Ask the TA: Chemistry Help
Using Ethanol as an alternative source of fuel is not a good idea. In fact, it is one of the worst ideas that I have ever heard of. I've written reports for classes and given seminars on why its a bad idea, you can check out the key facts below. If you want a more complete picture of things, and don't mind reading scientific language, you can take a look at a report I put together recently by clicking here.
Why even consider it?
You hear constantly on the news that the US is addicted to foreign oil - its true - and its only going to get worse. Currently, there are about 600 million cars on the planet. That number will increase to 1.2 billion by the year 2020. People on average drive around 20,000 miles each year, and the average car gets 20 miles per gallon. Put all these numbers together, and you realize that by the year 2020, we will be consuming 1.2 trillion gallons of gas every year. I don't know how much oil is left in the world, but its going to run out eventually - so we started looking at alternatives.
Ethanol seems like a good idea if you listen to the farmers sales pitch. It's cleaner burning, it's renewable, and we can make it here in the US. So why is it such a bad idea?
Not really. True, the actual process of burning the ethanol to make our cars go is cleaner than burning gas. Here's what they don't tell you - it takes more energy to make a gallon of ethanol than you can get out of it. Want some numbers? 1 gallon of ethanol contains 76,000 BTU's of energy. Making that gallon requires 98,000 BTU's of energy - 29% more! Now this wouldn't be a problem if the energy being used was from a clean source like wind, solar, or nuclear power - but its not - most energy in the US still comes from unclean sources like coal power plants.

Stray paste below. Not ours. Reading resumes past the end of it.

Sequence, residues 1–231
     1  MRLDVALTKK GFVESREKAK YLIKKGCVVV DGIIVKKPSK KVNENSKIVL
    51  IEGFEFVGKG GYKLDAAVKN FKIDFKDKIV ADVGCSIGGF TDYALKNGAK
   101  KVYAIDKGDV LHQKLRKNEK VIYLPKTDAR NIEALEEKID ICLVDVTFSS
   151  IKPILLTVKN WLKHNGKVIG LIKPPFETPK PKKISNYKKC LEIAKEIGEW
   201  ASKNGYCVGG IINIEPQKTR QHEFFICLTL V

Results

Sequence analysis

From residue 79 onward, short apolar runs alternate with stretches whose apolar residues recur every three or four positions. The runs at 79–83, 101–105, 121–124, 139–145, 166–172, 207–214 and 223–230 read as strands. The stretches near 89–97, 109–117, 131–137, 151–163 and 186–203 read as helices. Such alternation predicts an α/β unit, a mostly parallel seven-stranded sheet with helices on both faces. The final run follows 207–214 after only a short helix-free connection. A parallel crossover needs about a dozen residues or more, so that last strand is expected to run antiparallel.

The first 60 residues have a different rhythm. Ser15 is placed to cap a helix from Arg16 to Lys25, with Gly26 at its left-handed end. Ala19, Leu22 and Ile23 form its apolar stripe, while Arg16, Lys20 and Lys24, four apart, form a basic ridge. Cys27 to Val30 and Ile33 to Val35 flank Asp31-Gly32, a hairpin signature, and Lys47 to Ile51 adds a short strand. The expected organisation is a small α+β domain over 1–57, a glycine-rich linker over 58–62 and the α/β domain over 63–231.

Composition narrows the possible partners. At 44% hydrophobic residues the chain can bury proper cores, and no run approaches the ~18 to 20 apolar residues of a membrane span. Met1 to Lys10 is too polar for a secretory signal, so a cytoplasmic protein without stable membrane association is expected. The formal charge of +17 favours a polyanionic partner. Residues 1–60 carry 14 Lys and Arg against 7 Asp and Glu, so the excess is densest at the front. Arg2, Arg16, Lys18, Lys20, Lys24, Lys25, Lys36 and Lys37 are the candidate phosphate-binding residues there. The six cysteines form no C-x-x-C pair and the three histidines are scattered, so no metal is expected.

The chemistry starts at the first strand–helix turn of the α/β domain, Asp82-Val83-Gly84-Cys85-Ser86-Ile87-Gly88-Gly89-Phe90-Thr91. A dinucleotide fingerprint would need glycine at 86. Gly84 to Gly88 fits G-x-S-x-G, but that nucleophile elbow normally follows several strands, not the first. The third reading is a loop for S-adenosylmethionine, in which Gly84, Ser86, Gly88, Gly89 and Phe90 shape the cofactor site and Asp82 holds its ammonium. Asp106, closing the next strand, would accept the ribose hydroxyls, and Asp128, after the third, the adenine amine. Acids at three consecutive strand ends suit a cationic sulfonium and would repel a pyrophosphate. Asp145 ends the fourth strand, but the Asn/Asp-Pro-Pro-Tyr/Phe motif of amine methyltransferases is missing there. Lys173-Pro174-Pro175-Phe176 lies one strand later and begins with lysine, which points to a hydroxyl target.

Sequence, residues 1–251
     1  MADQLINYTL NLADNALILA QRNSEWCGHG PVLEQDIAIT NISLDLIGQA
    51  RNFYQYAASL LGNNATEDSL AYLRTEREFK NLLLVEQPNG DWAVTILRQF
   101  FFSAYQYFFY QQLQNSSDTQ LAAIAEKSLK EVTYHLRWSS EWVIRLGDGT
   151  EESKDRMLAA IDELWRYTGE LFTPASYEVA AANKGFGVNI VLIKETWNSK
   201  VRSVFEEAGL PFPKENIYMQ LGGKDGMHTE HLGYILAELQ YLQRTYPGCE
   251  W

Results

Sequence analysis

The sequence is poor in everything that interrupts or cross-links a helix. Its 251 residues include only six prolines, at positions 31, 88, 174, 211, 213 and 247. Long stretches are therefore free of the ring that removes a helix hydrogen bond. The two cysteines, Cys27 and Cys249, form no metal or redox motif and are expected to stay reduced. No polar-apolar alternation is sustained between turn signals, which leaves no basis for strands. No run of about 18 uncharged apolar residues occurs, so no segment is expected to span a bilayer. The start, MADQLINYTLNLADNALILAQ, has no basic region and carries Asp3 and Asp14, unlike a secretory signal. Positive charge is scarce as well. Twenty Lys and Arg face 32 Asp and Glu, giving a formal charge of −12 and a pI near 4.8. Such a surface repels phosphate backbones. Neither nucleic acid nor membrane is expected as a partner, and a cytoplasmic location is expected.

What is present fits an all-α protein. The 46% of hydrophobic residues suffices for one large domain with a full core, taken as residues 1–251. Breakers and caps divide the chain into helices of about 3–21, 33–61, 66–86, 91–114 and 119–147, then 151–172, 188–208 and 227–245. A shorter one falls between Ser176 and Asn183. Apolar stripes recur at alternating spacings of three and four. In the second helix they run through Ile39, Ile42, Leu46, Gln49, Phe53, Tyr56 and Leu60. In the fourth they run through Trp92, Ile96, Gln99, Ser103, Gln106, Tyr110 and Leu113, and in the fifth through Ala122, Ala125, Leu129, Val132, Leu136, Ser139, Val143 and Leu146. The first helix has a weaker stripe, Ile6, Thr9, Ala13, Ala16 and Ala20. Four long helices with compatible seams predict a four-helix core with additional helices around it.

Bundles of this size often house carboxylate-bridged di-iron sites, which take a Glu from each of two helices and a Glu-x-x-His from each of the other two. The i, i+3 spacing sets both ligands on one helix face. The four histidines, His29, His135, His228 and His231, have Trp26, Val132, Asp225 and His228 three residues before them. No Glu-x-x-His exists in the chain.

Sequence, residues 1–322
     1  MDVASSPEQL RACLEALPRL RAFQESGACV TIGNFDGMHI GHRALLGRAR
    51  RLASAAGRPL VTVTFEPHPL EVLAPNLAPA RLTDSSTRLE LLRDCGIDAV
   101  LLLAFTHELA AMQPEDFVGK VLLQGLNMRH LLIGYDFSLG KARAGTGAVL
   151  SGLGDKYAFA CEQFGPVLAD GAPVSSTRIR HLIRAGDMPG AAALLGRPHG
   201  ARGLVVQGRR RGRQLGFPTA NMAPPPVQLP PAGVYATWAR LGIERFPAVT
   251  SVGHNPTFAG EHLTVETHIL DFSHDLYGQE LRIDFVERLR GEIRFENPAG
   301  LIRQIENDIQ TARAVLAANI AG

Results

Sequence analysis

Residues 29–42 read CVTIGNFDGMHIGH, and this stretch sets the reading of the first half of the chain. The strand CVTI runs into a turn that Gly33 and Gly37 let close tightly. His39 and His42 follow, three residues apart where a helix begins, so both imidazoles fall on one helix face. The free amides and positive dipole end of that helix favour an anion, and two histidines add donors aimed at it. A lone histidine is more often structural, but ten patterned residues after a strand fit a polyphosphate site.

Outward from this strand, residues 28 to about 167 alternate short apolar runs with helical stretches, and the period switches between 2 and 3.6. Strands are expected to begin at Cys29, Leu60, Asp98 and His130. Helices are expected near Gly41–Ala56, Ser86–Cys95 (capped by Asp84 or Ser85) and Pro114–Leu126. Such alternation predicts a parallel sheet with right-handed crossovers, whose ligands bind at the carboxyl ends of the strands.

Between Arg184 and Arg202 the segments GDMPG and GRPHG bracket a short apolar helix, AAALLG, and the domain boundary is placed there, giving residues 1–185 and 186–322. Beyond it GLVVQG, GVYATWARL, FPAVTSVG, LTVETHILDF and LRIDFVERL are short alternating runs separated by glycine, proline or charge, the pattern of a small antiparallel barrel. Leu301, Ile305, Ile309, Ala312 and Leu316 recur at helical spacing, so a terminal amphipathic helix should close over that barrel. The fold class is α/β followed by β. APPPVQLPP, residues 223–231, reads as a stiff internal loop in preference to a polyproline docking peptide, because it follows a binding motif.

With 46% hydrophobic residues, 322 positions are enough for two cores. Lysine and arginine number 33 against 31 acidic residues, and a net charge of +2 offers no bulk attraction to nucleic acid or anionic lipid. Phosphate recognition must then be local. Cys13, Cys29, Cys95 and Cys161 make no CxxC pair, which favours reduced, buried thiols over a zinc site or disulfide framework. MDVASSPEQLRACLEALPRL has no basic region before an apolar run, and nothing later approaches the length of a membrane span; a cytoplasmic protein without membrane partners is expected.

*I have to mention that not everybody agrees on how much energy it takes to produce ethanol. The USDA put out a report that says it takes slightly less energy to produce ethanol than you get out of it. The scientific community seems to have agreed that the higher number of 98,000 is more correct.
With gas prices well over $3/gallon throughout the US (as of March, 2008) and ethanol prices remaining right around $3/gallon, it's tempting. That $3/gallon ethanol is deceptive. First, ethanol contains less energy than gas - meaning you can't drive as far on a gallon of ethanol. You also have to take into consideration the government subsidies being used to make ethanol. If you crunch all the numbers, that $3/gallon ethanol is actually costing you $7.15/gallon.
Ah - this is my favorite one. Yes, growing
corn, or cellulose, or soy beans is a renewable process.
Unfortunately, even if we used all US farmland to make ethanol - we
would only cover about 10% of our oil needs. Well hey, if
we're not growing food, lots of people will die and our demand for oil
will decrease! So if you're ok with starving millions of
people, ethanol could work as a fuel - if you're semi-normal like the
rest of us, you should be able to see that ethanol as a fuel
alternative will never work.
Disagree? Agree? Want more information? Send me an email.
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